So what became apparent was that our life stories are being expressed through how we personalise our space. Our material environment plays a large role in who we are but, at the same time, as we see from the above quotes, sometimes we lose and break our possessions and sometimes they just come to a natural end themselves, for example, the ink fading of a personal note on the back of a photograph. This doesn’t mean that we have lost the memory; it just means that we have lost the ephemeral container that we asigned it to. However, what happens if we lose the memory also? If the evocative object is gone and what it evokes is gone, where do we go from here?
So far we have seen how our possessions can enable and maintain our sense of self and how we can turn an empty house into a home through personalisation, but how does someone losing their memory maintain their sense of self through the aid of their material environment?
I am hoping to answer this question by researching the evocative potential of digital media in the context of Dementia, those suffering from Dementia, as well as their carers and loved ones. An interesting point from my previous research was that items falling under the title of technological or digital were not mentioned. They were seen as functional objects, almost as containers for our evocative objects; for example, the camera is where our photos are – losing the photos matter, not losing the camera. So how can we capture this evocative quality in order to design digital pieces that are as richly valued in our experience as our corporeal possessions?
An example of this is a piece by Jayne Wallace, a digital jewellery designer who has worked closed with an elderly husband and wife, the wife suffering from mild dementia. Jayne designed a jewellery box which houses dress broaches made from pieces of fabric cut from clothes that were meaningful to the elderly woman. These pieces of fabric were from dresses that she used to wear in her younger years, in particular when she attended dances with her husband. Each piece has a simple technology attached to it (a Radio-frequency identification ampoule) and once placed inside the jewellery box it plays different recordings of memories, stories, or even music that is associated with each piece of fabric. The box facilitates the recording of these pieces so her loved ones can record whatever snippets they wish. This piece is highly material, the digital component embedded within. However, this piece would not have the same evocative potential, or indeed be of any use, without this digital component. This is a perfect example of interaction design that supports the psychological processes of memory and identity and the evocative nature of our cherished objects from my previous research.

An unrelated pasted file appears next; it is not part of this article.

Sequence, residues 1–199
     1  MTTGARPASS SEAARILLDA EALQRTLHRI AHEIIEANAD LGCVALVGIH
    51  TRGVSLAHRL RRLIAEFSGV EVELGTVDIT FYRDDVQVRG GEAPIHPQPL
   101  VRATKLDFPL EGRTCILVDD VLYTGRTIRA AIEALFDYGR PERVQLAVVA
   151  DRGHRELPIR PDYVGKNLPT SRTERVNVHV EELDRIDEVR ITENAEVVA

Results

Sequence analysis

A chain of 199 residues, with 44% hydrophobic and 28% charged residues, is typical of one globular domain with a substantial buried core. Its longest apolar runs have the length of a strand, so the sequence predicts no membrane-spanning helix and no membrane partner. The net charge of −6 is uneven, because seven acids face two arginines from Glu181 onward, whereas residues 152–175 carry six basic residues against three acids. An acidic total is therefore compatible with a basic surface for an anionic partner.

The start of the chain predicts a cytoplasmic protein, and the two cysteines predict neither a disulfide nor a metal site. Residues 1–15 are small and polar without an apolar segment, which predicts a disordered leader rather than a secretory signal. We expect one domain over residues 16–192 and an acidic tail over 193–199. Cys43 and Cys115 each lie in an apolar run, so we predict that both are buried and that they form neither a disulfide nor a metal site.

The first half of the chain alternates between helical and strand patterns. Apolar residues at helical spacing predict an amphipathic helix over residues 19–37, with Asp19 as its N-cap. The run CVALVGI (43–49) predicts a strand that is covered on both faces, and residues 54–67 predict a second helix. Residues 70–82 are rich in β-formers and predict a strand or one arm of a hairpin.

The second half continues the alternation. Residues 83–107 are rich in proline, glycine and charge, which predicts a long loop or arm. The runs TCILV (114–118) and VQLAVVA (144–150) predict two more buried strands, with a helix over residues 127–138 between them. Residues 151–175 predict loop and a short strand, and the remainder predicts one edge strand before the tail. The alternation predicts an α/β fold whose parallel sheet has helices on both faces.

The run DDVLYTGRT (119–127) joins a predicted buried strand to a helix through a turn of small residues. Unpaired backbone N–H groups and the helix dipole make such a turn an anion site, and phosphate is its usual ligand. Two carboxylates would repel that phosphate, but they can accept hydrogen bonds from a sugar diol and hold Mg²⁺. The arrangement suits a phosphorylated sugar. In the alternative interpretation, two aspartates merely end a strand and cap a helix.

What is important is capturing the materiality of our favourite possessions and what they evoke within us and using this to design pieces that can aid those trying to hold on to their sense of self, and indeed encourage communication between them and their loved ones.
So, at last you seal up the final box of your possessions with the battered sellotape and now begins the loading up of the car with this cardboard cargo. What you are leaving behind has become an empty space and what you are about to walk into is equally empty, but you are armed with all you need to make it your new home. Now you face unpacking it all again, but perhaps this time you may look at how you do this and reflect upon why these ‘little bits of worthless pieces’ hold so much worth to you.Thanks to my supervisor Dr. John McCarthy, School of Applied Psychology and the Programme for Research in Third Level Institutions Cycle 5 under which this PhD in Digital Arts and Humanities is being funded.